- Hollis Johnson/Business Insider
- Jaden Smith’s bottled water company, Just Goods, is suing an embattled vegan mayo startup that recently changed its name from Hampton Creek to Just.
- In a lawsuit, Smith’s company claims Hampton Creek’s rebrand violates a 2014 trademark agreement between the two companies.
- Just (formerly Hampton Creek) is now alleging that Smith’s company put Just Goods labels on products that weren’t theirs as a means of boosting their claim to the name.
- A video shared with Business Insider shows a representative from Just (formerly Hampton Creek) peeling off what it claims is a fake label from Just Goods on a bottle of olive oil made in Spain by another company.
The name represents fairness.
But this week, a legal battle over deception between two companies called “Just” began to simmer. One is a maker of vegan mayo, cookie dough, and salad dressings, formerly called Hampton Creek. The other is Jaden Smith’s Just Goods, which makes bottled water packaged in paper and allegedly had plans to sell other items, like olive oil.
Smith’s company sued Just last year for alleging that it violated the terms of an agreement between both companies which dictated when each could use the name “Just.” But most recently, Just shot back, alleging in counterclaims that Just Goods created fake products – in some cases, by allegedly sticking a fake label on another company’s items – in an attempt to bolster their claims to the “Just” label.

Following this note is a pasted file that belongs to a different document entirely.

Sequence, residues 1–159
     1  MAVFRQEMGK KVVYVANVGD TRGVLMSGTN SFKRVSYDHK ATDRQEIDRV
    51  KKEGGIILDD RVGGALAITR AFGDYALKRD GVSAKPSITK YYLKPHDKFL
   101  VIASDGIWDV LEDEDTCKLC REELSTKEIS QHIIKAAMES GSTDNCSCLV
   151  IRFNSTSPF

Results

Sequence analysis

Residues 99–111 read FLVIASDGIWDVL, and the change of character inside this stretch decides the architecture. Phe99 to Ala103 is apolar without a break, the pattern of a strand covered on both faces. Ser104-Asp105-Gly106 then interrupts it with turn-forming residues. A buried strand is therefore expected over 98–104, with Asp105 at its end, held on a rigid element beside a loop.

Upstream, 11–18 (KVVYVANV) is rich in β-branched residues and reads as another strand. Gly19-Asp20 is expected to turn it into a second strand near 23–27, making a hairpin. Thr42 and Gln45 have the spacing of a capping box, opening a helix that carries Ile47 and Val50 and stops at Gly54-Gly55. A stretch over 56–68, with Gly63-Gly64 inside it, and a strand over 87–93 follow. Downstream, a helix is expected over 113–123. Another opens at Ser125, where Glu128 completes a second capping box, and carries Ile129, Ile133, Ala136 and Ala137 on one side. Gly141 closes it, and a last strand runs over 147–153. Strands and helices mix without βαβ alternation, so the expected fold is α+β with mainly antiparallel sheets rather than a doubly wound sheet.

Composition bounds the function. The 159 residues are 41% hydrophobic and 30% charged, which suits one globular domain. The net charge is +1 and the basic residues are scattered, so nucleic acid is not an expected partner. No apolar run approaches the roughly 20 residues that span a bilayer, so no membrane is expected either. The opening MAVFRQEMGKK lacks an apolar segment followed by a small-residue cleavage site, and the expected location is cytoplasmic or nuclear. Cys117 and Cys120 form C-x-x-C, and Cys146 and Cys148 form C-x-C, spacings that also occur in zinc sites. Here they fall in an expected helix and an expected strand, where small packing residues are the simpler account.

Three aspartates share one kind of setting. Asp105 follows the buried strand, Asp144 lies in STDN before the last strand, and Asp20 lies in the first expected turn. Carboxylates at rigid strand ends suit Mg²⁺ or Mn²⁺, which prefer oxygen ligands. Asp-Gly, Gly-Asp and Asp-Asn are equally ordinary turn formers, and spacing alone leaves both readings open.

‘Misrepresentations and deceptions’
In the most recent court filing, representatives from the vegan mayo startup alleged that Smith’s company used “misrepresentations and deceptions” in a “hurried attempt to fabricate” products that would support its claims to the “Just” brand name.
One of those alleged deceptions is a package of olive oil which the vegan mayo company claims was not made by Smith’s company.
In a video shared with Business Insider, presented in court, and described in the counterclaim, a representative from Just (formerly Hampton Creek) can be seen ordering the olive oil, which is listed on Smith’s Just Goods website. In the video, the representative is seen peeling off a label that reads “Just Olive Oil” and revealing a different label hidden underneath that instead reads “ONLY: Spanish Extra Virgin Olive Oil.”